Wednesday, June 19, 2013

New songs for June 19th, 2013

here they are:

"The One That Got Away" by The Civil Wars: The second album from The Civil Wars, a folk-rock duo comprised of one guy and one girl, is finally out. Its first single, "The One That Got Away", sticks to a lot of the bluegrass and folk influences that The Civil Wars have had for a while now, but it has a considerably "darker" sound. "The One That Got Away" could be considered the first Civil Wars song that is truly "folk-rock" for its use of both acoustic and electric guitars (and drums, another instrument previously unheard of in a lot of their material). The song's instrumentation, along with its rather brooding sound, remind me more of an acoustic Led Zeppelin song ("The Battle of Evermore" and "Gallows Pole" both come to mind here) than they do of The Civil Wars. Not a bad direction for the band to go in, though, and who knows, it must just set the template for the next Mumford & Sons or Lumineers album!!

"You Can't Be Told" by Valerie June: The typically folk-y Valerie June doesn't sound so folk-y here, which is ironic, considering that this is the first song that's gotten significant attention from her. There's a reason for "You Can't Be Told"'s blues-y snarl, though, and that is because of how The Black Keys' Dan Auerbach produced it. The particular blues-rock sound used on "You Can't Be Told" brings to mind a lot of bands from the '60s and early '70s who used that same sound, such as The Rolling Stones, Creedence Clearwater Revival, and The Allman Brothers Band (The Allmans' cover of "Trouble No More", especially, since it has the same rhythm and distortion as this song does). Though the song only lasts a little over three minutes, it still delivers a powerful, spicy sound. As with most blues-rock songs, "You Can't Be Told" is more about the instrumentation, rhythm, and raw vocal quality, than it is about the lyrics of the song, but that should be enough to get people to like it. It worked for me!

Wednesday, June 12, 2013

New songs for June 12th, 2013

here they are:

"Born Again" by Robert Randolph: Funk, jazz, blues, and rock is the kind of musical gumbo you can expect from Robert Randolph and The Family Band!! It's been about 7 years since Robert last released a CD with The Family Band, though, so I was curious to know if his musical blend still held up well. Not only does his latest song, "Born Again", retain an eclectic musical sound, but it's also incredibly fun to dance to! It has a catchy rhythm. When Randolph says in the chorus of the song that he feels "born again", I think he's referring to more than just the religious sense of the term (if that). I think he's also feeling "born again" musically, as anyone should when listening to a song like this!!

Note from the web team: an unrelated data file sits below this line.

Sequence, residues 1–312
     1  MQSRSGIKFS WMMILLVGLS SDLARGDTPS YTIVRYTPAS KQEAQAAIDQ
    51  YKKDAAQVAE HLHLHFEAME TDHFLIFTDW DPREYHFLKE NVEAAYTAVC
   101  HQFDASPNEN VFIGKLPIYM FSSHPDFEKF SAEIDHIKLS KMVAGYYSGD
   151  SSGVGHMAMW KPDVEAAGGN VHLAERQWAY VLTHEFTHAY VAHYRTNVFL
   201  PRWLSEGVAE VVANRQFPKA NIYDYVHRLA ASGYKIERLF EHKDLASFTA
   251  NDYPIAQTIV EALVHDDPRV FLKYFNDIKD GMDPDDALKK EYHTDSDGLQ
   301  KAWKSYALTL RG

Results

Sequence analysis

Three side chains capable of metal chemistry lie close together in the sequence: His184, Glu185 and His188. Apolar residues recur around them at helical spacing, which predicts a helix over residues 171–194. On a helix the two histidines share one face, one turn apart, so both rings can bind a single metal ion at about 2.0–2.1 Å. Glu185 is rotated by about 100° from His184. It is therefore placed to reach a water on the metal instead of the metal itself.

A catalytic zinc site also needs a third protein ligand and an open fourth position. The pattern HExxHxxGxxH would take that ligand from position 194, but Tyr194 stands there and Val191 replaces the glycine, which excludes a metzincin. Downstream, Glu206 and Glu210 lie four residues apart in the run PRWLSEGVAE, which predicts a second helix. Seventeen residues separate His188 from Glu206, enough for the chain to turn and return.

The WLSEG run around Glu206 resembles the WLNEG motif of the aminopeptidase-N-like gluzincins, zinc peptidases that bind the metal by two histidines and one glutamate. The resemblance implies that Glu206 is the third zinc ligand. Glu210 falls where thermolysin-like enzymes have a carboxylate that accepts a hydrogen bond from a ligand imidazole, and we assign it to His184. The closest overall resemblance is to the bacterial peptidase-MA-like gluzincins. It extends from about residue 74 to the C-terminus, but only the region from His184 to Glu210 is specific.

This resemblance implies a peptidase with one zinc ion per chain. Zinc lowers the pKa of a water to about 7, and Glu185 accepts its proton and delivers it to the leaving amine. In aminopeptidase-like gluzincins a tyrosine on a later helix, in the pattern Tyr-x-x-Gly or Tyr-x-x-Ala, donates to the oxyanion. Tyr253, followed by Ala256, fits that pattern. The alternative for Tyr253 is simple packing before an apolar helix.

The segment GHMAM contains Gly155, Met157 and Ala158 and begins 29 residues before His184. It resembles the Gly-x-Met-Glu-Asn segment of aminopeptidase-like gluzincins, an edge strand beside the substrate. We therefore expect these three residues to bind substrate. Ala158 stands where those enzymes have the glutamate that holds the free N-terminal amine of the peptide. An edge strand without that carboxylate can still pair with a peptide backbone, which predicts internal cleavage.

"Don't Want Lies" by The Rides: The name of this band made me think it was another up and coming indie group, but the voice of Stephen Stills (yes, THAT Stephen Stills) on "Don't Want Lies" is unmistakable!! Blues-rock aficionado Kenny Wayne Shepherd is also a part of this group, a supergroup as it turns out (I guess it's the second one Stills has had since Crosby, Stills, Nash, and Young!!) Like the typical CSN & Y song, "Don't Want Lies" uses both electric and acoustic guitars. The acoustic guitars, with their crisp sound, would not have sounded too out of place on a mid-'70s CSN album, and the blues-y electric noodling is brimming with the signature sound of Kenny Wayne Shepherd. And here I thought Neil Young was the only musically active member left of Crosby, Stills, Nash, and Young. Guess I was wrong!! "Don't Want Lies" is a mellow song, but it also has a dynamic enough sound to possibly become a future concert favorite!

"Man" by Neko Case: Neko Case's music has been referred to as "indie rock" and "country rock", but the "rock" element has never been that apparent in her music. Until now, that is! "Man" is quite a "man"-ly song, if you know what I mean!! Perhaps it could be said that both the lyrics and the music of "Man" are an attempt at redefining gender roles. Rock 'n' roll has had its fair share of women before, but usually, phrases like "I'm a man" aren't present in the music of female rockers. That very phrase is the most repeated one (and perhaps, the most defining one) in Neko Case's "Man". This song is not the typical Neko Case song, by any means!! She even throws in a couple choice swears towards the end of the song, which I don't remember her doing in any of her other songs. "Man" rocks hard and pushes boundaries!! Who knew?! I sure didn't!!

"Part of Me" by The Tedeschi-Trucks Band: Yet another talented rock 'n' roll woman from the past decade or so is the blues-y, soulful, Susan Tedeschi! "Part of Me" places more emphasis on soul than on blues or rock, though. Tedeschi's signature slide guitar sound is still present on the song, but most of it just sounds like Sam & Dave's "Soul Man" with the gender roles reversed. Tedeschi and Trucks typically have upbeat music to begin with, but "Part of Me" is probably the most upbeat song they've had together so far! I don't think it's too much of a stretch to describe this song as the first feel-good jam of summer 2013!!

"Royals" by Lorde: This "Lorde" is a lady!! And a very young one, at that (she's 16 years old, believe it or not!!) Unlike the other songs I've chosen to review for this week, there is more emphasis on vocals and rhythm than there are on instruments for "Royals". Nevertheless, there is something quite alluring about "Royals". Perhaps it's the smooth, slinky vocals of Ella Yelich O'Connor (whom, by herself, is "Lorde" - it's her stage name, not the name of a band), or the way the chorus just burns its way into your subconscious when you're trying to concentrate on something else during the day!! At first listen, "Royals" probably just seems like your everyday pop song, but it seems to have this vibe that is both icy and smooth underneath. If you want your Top 40 music to have a bit more sizzle to it, then I highly recommend "Royals"!

"Stockholm" by Jason Isbell: Perhaps both the mellowest and most bittersweet of the songs I have set to review for this week, "Stockholm" marks the second time I've heard a solo release from alt-country group, Drive-By Truckers (the first being Patterson Hood's "Disappear" from last year). Between this song and the Patterson Hood song, I can tell that the Truckers have some talented, accomplished poets in their group! Examples of some of the (mostly) metaphorical, poignant lyrics of Jason's "Stockholm" include lines like, "Ships on the harbor and birds on the bluff don't move an inch when their anchor goes up, and the difference with me is I'm falling in love, Stockholm, let me go home". I love how this song utilizes the themes of loneliness and homesickness in such a playful manner. Highly recommended!!